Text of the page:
'Moscow Is No Longer the Bogyman' : S. Africa Quells Its Fears, Welcomes Soviet Officials

Times Staff Writer

For years, South African leaders have justified their adventurism in black Africa and repression at home with a single vision of the future: the day the Soviets arrive in battle fatigues and on tanks to run up the red flag over Pretoria.

But when the Soviets did arrive this week, in their first visit since Pretoria broke diplomatic ties with Moscow more than three decades ago, they wore pinstriped suits, carried briefcases and stepped down from a British Airways 747.

And the leader of this invasion, Vyacheslav Ustinov, a roving Soviet ambassador, was squired around town by grinning government officials and fawned over by local reporters like a Hollywood star.

Ustinov and his five-member delegation did not come to restore diplomatic relations or even participate in formal talks with South Africa. They were here, along with representatives of Cuba, Angola and the United States, for the fifth meeting of a commission formed to help guide the Angolan peace accords.

But the Soviets' presence, and the way it has been heralded here, marks a swift change in the South African government's public attitude toward the East Bloc. And it has provided scenes, some on state-run television, that many white South Africans never thought they'd live to see: a Soviet official making a courtesy call on President Pieter W. Botha at the executive mansion, Soviet officials at a South African wine estate, Soviet officials at a barbecue in the South African foreign minister's back yard.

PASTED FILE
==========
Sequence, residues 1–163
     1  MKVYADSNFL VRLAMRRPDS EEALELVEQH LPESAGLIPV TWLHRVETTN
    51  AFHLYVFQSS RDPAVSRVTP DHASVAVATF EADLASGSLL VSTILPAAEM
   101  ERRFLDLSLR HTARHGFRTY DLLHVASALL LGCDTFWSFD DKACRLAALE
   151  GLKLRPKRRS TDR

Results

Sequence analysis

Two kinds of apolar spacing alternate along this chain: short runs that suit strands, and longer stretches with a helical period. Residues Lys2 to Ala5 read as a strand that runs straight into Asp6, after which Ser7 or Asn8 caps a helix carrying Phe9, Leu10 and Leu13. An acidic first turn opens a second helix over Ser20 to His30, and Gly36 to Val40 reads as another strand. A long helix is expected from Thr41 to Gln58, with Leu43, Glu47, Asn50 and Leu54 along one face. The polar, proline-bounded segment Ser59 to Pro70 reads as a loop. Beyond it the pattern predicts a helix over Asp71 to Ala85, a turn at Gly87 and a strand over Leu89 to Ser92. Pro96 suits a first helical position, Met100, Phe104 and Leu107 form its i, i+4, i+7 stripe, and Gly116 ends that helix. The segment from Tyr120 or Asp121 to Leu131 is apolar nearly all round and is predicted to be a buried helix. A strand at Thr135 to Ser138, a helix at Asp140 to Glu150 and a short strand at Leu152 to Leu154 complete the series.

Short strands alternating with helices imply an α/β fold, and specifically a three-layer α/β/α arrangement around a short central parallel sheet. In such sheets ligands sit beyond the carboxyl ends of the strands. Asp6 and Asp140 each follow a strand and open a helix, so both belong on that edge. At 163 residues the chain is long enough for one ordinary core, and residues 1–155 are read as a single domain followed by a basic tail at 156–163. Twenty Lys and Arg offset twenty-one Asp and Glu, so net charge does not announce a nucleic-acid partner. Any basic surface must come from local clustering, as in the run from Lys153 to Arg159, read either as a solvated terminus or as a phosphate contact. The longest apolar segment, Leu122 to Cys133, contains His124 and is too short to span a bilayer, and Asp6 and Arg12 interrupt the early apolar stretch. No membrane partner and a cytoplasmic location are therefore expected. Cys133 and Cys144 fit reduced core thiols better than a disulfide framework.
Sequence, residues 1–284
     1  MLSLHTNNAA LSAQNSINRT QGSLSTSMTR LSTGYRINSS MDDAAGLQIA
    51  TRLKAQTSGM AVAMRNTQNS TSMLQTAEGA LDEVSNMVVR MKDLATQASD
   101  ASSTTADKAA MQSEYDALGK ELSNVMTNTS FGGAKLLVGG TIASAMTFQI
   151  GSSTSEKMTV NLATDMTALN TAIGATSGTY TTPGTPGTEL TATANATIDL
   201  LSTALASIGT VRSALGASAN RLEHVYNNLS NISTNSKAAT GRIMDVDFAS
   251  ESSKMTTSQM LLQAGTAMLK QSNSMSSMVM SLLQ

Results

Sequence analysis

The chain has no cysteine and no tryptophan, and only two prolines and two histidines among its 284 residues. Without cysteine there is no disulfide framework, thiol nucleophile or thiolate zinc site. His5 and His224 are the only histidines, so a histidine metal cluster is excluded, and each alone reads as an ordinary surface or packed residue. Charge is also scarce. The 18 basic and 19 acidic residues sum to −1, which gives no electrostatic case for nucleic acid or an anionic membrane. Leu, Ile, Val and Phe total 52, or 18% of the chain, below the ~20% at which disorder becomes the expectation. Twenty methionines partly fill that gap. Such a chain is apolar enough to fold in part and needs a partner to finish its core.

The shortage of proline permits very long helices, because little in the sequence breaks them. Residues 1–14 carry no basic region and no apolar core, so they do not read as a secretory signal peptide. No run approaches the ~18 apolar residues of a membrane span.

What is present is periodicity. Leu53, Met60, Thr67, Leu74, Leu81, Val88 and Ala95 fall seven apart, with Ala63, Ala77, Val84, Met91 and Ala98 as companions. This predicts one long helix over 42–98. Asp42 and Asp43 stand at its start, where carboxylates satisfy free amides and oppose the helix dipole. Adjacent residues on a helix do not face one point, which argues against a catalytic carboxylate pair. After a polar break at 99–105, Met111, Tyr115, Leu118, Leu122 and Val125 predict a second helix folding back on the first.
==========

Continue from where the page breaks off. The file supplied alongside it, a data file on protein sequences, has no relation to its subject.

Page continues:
"The South African government's rhetoric has changed just in the last six months. Moscow is no longer the bogyman," said Willie Esterhuyse, a professor of political philosophy at Stellenbosch University.

No detail about the Soviet visitors was too small for the local newspapers. The Argus reported that Ustinov was dressed "in shirt sleeves and slippers" during an interview in his "five-star" hotel room. "He apologized for his casual appearance," the paper added.

Ustinov's thoughts on Cape Town, the seaside home of South Africa's Parliament, played well. "It looks like 'Frisco,' " he said, adding that "the streets are clean and the beaches are beautiful."